Virginia state Sen. Charles J. Colgan (D-Prince William), facing what he called "an overwhelming outpouring of opposition," announced today he will withdraw his controversial bill that would allow the the staff of a home for mentally retarded youths near Charlottesville to spank the children.

Since opposition to the bill surfaced during a legislative committee hearing Tuesday, Colgan and other lawmakers have been deluged with telephone calls, telegrams and letters from mental health groups and angry citizens who urged the bill be defeated. Until then its passage seemed assured.

The measure, which unanimously passed the Senate without debate earlier this month, would have granted the Mennonite-run Faith Mission Home an exemption from state lawthat bars corporal punishment in state-licensed institutions. The Mennonites had pleaded that unless they were permitted to administer "biblical displine" they would be forced to close the home.

Colgan said today he has asked Del. Owen Pickett (D-Virginia Beach) who agreed to handle the bill in the House of Delegates, to send the measure back to the Health, Welfare and Institutions Committee "where it will die a quiet death." Such requests are routinely granted by House members.

"I think the House would probably have killed it and even if they didn't it just isn't worth the adverse publicity for the home," Colgan said today. He introduced the bill on behalf of a Manassas parent whose child lives there.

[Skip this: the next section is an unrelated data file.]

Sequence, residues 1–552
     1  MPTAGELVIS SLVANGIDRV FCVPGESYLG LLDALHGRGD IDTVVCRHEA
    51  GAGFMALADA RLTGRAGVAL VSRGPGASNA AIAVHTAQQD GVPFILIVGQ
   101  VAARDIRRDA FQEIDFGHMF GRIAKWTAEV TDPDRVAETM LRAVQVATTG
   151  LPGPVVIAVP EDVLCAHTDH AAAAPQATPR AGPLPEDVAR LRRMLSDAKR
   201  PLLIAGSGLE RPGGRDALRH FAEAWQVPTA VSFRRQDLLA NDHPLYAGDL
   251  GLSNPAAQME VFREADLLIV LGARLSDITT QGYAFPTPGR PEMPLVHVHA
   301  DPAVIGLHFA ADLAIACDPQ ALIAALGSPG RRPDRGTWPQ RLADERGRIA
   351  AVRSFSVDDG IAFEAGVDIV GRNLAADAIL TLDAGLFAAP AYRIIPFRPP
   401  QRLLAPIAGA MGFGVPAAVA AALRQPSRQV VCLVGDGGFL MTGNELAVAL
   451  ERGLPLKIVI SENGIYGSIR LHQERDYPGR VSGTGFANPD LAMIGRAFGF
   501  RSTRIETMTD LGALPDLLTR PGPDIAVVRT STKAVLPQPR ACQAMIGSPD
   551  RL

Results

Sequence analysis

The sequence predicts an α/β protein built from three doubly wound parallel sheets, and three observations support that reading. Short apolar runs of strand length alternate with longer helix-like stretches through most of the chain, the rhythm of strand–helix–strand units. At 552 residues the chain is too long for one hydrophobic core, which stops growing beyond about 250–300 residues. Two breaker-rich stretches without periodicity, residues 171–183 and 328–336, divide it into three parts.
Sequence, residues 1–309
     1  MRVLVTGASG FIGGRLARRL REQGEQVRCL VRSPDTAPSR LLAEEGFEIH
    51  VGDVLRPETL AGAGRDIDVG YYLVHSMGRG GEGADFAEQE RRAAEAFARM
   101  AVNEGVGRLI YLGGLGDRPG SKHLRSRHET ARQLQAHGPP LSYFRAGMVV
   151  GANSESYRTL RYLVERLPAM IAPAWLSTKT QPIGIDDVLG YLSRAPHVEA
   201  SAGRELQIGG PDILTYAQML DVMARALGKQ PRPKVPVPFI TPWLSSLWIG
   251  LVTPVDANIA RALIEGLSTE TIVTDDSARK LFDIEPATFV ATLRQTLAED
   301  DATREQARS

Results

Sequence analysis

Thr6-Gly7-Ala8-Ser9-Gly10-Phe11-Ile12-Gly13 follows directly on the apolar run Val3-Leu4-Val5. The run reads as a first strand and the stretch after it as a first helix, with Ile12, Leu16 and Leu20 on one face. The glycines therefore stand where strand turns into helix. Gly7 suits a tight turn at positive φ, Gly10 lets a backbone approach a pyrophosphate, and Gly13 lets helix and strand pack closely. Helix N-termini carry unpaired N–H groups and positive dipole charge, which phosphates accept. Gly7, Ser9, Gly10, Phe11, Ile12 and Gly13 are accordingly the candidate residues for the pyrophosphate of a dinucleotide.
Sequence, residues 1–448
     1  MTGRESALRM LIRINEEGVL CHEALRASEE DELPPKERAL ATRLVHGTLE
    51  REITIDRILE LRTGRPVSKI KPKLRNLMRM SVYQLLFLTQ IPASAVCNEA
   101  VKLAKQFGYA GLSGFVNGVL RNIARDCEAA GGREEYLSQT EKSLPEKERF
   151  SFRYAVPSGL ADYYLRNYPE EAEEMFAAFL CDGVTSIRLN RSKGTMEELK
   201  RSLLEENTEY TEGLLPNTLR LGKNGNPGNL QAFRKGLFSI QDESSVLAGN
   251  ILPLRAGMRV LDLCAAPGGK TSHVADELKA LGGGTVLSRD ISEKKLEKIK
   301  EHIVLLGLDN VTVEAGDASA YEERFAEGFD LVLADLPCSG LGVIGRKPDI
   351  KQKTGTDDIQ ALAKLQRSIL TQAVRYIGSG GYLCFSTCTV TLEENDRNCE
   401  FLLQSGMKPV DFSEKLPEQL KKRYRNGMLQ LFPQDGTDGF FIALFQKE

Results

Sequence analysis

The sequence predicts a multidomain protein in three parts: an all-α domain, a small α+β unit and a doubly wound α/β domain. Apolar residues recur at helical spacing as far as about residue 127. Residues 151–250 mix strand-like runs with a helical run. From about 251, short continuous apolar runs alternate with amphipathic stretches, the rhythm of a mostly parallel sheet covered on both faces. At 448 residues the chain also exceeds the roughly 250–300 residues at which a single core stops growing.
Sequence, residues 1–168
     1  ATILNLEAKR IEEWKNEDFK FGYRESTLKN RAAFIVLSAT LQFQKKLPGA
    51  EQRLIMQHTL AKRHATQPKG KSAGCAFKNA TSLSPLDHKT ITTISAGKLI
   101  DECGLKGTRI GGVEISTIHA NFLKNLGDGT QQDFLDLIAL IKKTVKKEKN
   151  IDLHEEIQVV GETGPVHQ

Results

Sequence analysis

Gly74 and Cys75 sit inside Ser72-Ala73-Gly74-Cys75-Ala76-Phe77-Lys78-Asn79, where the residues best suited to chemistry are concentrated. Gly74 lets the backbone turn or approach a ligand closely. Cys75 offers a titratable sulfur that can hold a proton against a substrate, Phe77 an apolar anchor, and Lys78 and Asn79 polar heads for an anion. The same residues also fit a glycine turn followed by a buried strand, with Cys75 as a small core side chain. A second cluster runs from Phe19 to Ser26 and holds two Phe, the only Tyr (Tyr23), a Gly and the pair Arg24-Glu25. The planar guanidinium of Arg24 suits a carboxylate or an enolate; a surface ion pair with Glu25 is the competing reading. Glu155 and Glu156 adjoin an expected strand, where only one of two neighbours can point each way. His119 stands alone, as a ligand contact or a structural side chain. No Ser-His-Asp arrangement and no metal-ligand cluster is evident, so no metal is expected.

"But I think people just don't understand this bill. It would set guidelines for using the strap and the paddle which is what they're doing now."

Daniel Yoder, director of the 17-year-old home, said today that Mennonite officials had not decided what effect Colgan's action would have on the home, which houses 54 people ranging in age from 7 to 28.

"If we're prohibited from using any effective discipline then we have no way of controlling the children," said Yoder, who told a House committee that some youths were spanked with a leather belt or wooden paddle in accordance with what Yoder called the bibical admonition to "spare the rod and spoil the child."

Dr. Joseph Bevilacqua, the state commissioner of mental health and mental retardation who had supported Colgan's bill, said he hoped state officials and the Mennonites could negotiate licensing standards for the home, which has been operating without a license for a year. He said the state would not allow the home to operate much longer without a license.

Judy Goldberg, lobbyist for the American Civil Liberties Union and the only person to oppose the bill before the House committee, was jubilant over Colgan's decision. "I think it's wonderful," Goldberg said. "I don't think the state of Virginia should be in the position of saying it's okay for religious volunteers to beat retarded children."

Among the mail the 100 House members received was a telegram from the president of the Washington-based National Association for Retarded Citizens who called the bill "a dangerous precedent," and a letter from Dr. Mark Smucker, a University of Virginia medical school professor who is a Mennonite.

"The thought of allowing people who operate homes for retarded children to administer corporal punishment 'with a belt' goes against the grain of Christ's teaching on peacemaking and child-rearing in the New Testament," Smucker said.